Surrounded by the still and serenity of "The Last Frontier," Chris Henry was equally taken by the peaceful disposition of his baseball coach.
Back then, Henry, a former Oakdale High and Delta College standout, was a member of a junior college all-star team built to compete in an Alaskan summer league against the country's top Division I prospects.
One of his assistant coaches on that trip was a local high school skipper -- Sierra's Jack Thomson, a soft-spoken man with a deep-rooted resume that screams success. Thomson has won 599 games, third-most in the Sac-Joaquin Section, according to Cal-Hi Sports.
"There's a great respect for the man. He has done some quality things at Sierra," said Henry, now in his first season as Oakdale's varsity coach. "It's always good to compete against teams and coaches like Thomson and Sierra. He's a very humble and reserved man; that's one of the first traits you get to know."
More than a decade later, Henry and Thomson find themselves together again on the diamond. Only this time, they stand in opposite dugouts, matching wits and exchanging lineups, rivals in a heated Valley Oak League title chase.
The Mustangs created separation with an 8-2 victory on Tuesday afternoon, protecting home field with displays of power and precision.
Dylan Wright homered and drove in three runs, giving starter Josh Garcia plenty of run support. Garcia allowed one earned run on six hits. He struck out four in six full innings, snapping the Timberwolves' three-game win streak.
Oakdale has won three straight and can match its season-best winning streak on Thursday in the series finale at Sierra. First pitch is 4 p.m.
The Mustangs (7-2, 12-9) are tied with Kimball (7-2, 13-8) atop the VOL standings, and the two will meet in the final week do the regular season. Sierra (5-3, 10-8), Manteca (5-4, 12-8-1) and East Union (4-4, 7-9) have fallen back, but remain in the hunt.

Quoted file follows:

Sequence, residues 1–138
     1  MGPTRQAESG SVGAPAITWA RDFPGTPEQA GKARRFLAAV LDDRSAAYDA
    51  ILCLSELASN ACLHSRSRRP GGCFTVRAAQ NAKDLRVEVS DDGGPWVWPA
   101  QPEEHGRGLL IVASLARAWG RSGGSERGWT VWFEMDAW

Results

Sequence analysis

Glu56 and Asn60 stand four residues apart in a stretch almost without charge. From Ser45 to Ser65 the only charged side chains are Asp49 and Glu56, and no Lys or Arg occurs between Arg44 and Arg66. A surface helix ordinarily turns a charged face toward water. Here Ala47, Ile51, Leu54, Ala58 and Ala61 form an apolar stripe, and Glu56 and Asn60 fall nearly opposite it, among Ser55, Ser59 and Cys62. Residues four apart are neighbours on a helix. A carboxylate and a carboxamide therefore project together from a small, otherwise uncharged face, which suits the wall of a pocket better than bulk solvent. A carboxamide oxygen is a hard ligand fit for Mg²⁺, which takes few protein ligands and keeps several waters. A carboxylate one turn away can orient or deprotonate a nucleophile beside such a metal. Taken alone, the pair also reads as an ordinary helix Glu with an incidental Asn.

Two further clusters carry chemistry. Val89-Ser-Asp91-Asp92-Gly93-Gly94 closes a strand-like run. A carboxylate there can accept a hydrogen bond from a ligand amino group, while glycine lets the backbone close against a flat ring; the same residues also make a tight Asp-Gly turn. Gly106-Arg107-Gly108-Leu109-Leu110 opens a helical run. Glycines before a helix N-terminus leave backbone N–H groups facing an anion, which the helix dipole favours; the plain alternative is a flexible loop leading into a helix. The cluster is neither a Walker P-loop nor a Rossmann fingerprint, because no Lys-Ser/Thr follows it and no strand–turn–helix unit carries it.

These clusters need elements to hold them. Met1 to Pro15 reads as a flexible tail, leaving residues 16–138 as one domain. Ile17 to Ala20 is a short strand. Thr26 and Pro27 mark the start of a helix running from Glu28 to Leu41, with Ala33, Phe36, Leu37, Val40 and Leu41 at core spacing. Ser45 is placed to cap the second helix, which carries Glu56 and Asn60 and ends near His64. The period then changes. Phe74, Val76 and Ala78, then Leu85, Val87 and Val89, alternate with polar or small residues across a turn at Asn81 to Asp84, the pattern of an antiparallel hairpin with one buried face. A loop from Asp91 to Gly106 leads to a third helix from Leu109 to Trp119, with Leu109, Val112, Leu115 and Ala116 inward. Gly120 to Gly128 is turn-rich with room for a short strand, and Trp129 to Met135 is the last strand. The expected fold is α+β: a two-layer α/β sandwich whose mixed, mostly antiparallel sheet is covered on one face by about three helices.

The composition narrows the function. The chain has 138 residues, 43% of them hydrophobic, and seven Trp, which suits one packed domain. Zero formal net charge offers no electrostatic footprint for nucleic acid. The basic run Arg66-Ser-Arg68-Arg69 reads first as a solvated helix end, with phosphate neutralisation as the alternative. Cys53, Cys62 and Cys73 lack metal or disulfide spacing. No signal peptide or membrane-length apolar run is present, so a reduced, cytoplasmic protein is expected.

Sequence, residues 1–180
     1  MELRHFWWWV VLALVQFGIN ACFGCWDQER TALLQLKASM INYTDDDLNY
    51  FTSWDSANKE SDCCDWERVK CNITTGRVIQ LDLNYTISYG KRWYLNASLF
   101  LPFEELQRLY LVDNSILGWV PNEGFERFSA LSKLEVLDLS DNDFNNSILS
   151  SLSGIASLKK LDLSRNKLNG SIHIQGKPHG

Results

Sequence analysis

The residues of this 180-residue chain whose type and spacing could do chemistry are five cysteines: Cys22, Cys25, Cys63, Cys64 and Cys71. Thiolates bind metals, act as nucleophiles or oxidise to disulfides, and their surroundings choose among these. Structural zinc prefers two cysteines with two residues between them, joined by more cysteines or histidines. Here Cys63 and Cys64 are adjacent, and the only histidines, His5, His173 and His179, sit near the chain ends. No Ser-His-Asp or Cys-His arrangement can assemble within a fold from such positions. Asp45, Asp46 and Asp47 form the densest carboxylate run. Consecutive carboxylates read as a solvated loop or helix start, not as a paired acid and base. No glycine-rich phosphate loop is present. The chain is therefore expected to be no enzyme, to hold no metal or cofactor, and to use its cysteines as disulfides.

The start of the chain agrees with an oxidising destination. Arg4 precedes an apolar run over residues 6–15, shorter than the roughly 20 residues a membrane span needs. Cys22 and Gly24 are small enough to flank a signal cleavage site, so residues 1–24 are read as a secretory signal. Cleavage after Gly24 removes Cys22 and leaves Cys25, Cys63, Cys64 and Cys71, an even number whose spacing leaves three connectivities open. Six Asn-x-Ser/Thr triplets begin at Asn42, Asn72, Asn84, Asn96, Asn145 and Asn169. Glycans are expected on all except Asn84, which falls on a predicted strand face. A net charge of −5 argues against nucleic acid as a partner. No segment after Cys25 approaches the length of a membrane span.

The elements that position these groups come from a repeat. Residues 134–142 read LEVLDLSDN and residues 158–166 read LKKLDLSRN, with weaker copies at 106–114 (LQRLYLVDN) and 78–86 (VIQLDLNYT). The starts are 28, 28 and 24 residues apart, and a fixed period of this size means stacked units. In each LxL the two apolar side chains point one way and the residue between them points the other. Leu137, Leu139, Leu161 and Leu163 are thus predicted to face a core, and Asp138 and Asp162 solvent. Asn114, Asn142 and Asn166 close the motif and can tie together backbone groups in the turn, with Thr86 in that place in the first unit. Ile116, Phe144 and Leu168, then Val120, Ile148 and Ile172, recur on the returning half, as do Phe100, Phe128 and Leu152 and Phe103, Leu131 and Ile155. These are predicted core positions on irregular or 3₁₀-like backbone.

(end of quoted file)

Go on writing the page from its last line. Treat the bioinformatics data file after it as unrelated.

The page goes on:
"This is a huge series," Henry said. "Realistically, every series from here on out has big implications as a varsity team looking to make a run into the playoffs. That's a big-picture thing, though. We're taking it one game at a time."
With Tuesday's win, the Mustangs kept history at bay.
Thomson has 599 career victories, including 364 as the only coach in Sierra's 23-year history. A large Sierra contingent followed the team to Oakdale hoping to witness another milestone in a career defined by excellence.
No. 600 will have to wait.
Thomson needs six more victories to pass Escalon's Bob Loureiro as the Stanislaus District's all-time winningest coach. Loureiro retired in 2004 with 604 wins. Guy Anderson is the state's all-time leader with 927 victories, his body of work over a 45-year career at Cordova in Rancho Cordova.
Henry is well aware of Thomson's pursuits, but his win count isn't a part of the conversation in the Mustangs' dugout.
With 12 juniors, one sophomore and very little experience back from last season's team, Henry has the Mustangs focused on the little things -- grinding out at-bats, executing from the mound, and winning innings, not games.
"We try not to focus on those types of things," Henry said of Thomson's pursuit of No. 600. "I know it's a big deal and I don't want to discredit what Sierra is working towards, but with this young group, if we take our focus off the approach ... when we start getting outside of ourselves and looking at too many big-picture things, it leaves room for error."
Few players have been as determined as senior outfielder/catcher Corey Hinojosa, who has raised his batting average by more than .250 points in the last three weeks.
A football player, Hinojosa battled lingering injuries and struggled to find his form.
Since going hitless in March (0 for 15) and landing on the bench, Hinojosa has hit safely in six of the last seven games and was 3 for 5 with two triples, three RBI and two runs in an 18-3 victory over Lathrop.
Hinojosa is hitting .290.
"He's put in the work," Henry said. "He took his lumps and sat for nearly three weeks until there another opportunity available to him. He has been on a tear the last three weeks and he's hitting almost .300. That's not easy to do when you've dug yourself into a hole."